Boston’s Center for Connected Health, a division of Partners HealthCare, launched one of the first ‘connected health’ programs last month. It’s showing early signs of success, according to an article published this week in the Boston Globe.
Through the new system, patients can monitor their blood pressure, heart rate, and other key metrics from their homes and upload this data wirelessly; it’s automatically transmitted to an EMR.
This data is transmitted from a smartphone device or gadget to Partners’ database (which currently stores about 1.2 million patient vitals) and to a patient’s online medical record in minutes. Doctors can view this data at any time, and Partners’ patients can monitor their own health data through a patient portal dubbed Patient Gateway…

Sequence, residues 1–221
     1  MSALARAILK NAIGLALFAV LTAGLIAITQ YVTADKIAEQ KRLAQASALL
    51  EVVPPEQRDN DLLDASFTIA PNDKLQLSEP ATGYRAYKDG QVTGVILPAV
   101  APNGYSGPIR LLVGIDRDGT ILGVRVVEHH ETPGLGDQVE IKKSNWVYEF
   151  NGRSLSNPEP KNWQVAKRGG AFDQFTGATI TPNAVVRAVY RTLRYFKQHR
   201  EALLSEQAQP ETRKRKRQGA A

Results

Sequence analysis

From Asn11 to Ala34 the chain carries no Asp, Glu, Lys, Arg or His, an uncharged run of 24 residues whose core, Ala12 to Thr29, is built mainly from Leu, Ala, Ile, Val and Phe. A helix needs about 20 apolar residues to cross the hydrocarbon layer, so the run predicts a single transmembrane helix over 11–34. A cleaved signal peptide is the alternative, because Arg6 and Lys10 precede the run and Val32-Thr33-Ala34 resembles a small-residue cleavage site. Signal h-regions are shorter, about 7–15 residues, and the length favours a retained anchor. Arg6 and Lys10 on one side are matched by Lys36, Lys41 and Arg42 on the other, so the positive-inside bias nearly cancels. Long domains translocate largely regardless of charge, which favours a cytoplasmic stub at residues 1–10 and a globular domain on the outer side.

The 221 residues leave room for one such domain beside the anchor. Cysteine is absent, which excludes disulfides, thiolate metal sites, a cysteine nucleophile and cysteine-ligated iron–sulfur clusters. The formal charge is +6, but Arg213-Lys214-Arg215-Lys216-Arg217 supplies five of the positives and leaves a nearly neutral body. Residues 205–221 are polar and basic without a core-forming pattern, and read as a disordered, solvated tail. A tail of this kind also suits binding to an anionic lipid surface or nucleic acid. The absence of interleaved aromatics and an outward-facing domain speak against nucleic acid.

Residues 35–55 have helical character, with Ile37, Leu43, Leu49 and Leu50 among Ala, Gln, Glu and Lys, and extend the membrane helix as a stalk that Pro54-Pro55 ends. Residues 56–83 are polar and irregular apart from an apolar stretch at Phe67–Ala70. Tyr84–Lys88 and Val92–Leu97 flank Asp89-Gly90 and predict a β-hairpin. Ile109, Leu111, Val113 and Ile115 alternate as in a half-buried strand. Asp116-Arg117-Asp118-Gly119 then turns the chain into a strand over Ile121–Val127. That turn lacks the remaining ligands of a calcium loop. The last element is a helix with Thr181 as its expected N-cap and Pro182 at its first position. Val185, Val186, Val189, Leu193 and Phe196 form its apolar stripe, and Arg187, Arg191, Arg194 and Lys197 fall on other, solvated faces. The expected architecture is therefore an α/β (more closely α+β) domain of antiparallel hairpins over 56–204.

“This is a significant part of how we are working to change care delivery, putting the patient at the center of their care while maintaining a close watch on their condition when they are not in the hospital or doctor’s office,” said James Noga, the vice president and chief information officer of Partners HealthCare, in a statement.
There are some issues. For instance, patients may come in to see the doctor for small, clinically insignificant changes in blood pressure levels. Most importantly, however, the technology needs to work over long periods of time with little error. Once that is achieved, monitoring patient health will not be considered the technological cutting edge, it will be considered status quo medicine.